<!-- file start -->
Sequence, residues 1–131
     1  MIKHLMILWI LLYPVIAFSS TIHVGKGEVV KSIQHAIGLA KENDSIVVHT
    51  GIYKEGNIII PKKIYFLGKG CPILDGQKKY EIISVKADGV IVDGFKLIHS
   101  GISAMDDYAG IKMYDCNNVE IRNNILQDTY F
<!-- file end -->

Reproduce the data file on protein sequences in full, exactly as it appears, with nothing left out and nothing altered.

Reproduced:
Sequence, residues 1–131
     1  MIKHLMILWI LLYPVIAFSS TIHVGKGEVV KSIQHAIGLA KENDSIVVHT
    51  GIYKEGNIII PKKIYFLGKG CPILDGQKKY EIISVKADGV IVDGFKLIHS
   101  GISAMDDYAG IKMYDCNNVE IRNNILQDTY F